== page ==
Our Procurement Wishes for 2015 – part 2

In part 1 we gave our first two “wishes” for 2015. We wished that procurement could make a significant move away from our obsession around savings and unit cost reduction, and start really looking at value as our primary driver. And we wished that procurement could have more good news stories and fewer about stupid supplier-bashing tactics and bad things happening in distant supply chains. Today, we have two more wishes.

3. We wish that procurement would adopt the principle of greater “openness” in a range of areas, including in our attitudes towards internal stakeholders and suppliers

I don’t mean “openness” in the sense that government tends to use that word now – for example, the issue around whether Freedom of Information questions to contractors should be allowed, although I’m in favour of that. I’m also in favour of Cabinet Office occasionally actually answering an FOI question from us too... but that’s another issue.

No, I mean more generally “open.” We’ve been a rather closed profession for a long time now.

  • We focus heavily on compliance and control – often seeing our role as stopping our colleagues and stakeholders from spending money
  • We look to reduce the supply base (supplier reduction programmes) and close down the number of firms with which we do business
  • We focus professional training very much on our own staff, looking to become the commercial “experts” in our organisations
  • We (usually) use category management processes to determine exactly what we want to buy, and narrow down the options that the market can offer

I believe that these fundamental beliefs of procurement are going to be challenged in 2015, from a number of quarters.  But my wish for now is that procurement leaders work to get ahead of the game. Much more on those issues from us through 2015!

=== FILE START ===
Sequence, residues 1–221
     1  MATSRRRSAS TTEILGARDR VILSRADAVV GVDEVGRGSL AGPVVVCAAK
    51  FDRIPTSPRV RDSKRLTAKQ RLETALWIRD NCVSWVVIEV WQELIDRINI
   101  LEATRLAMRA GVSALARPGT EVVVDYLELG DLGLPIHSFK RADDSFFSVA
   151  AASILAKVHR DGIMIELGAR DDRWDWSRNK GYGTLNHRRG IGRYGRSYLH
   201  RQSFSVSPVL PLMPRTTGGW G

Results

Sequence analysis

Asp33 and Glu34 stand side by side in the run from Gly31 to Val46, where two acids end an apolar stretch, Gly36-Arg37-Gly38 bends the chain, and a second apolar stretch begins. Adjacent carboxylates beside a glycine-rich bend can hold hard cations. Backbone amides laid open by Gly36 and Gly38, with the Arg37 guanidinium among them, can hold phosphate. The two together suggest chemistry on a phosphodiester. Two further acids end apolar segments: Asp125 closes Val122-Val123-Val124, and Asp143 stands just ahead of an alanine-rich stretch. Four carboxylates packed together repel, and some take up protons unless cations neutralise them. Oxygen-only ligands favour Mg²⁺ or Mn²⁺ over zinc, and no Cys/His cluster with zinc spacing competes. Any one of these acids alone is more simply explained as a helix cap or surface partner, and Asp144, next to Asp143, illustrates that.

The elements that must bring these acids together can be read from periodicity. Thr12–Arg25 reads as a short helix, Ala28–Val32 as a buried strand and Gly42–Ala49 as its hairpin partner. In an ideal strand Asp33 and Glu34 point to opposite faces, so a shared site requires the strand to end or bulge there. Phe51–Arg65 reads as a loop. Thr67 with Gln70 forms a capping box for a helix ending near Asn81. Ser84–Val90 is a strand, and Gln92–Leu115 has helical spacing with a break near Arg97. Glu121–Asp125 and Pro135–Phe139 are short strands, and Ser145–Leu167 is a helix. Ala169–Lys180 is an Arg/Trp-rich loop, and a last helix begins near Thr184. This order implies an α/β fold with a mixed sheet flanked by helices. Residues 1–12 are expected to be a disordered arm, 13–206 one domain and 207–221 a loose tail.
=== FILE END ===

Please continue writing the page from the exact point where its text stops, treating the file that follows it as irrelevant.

4. We wish that procurement technology buyers and sellers work on the basis of real needs, capabilities, implementation times ...

2015 should be a great year for procurement technology vendors and buyers. Products are ever-improving, new market entrants keep the established players on their toes, and generally the position should be a happy one. And the best technology, used well, really can make a huge difference to the performance of procurement functions. In fact, it is probably the single biggest differentiator in terms of procurement leaders versus laggards.

Yet there is still far too much money spent badly on procurement technology. Too many solution providers looking to maximise revenues rather than asking what would really add value to their customers. So let’s have more honesty from both sides – from procurement executives involved in decision making, around what is really needed, and how much internal buy-in there is to the plans. (Lack of that buy-in is a major driver of “shelfware.”)

And from providers, innovation and new thinking, but grounded in practical, deliverable solutions; and honesty in terms of what the products can really do, how long it will take to get up and running (and at what cost), and the truth around how easy it is to use.

So there we go – four wishes for 2015. Let’s see if any of them come true.

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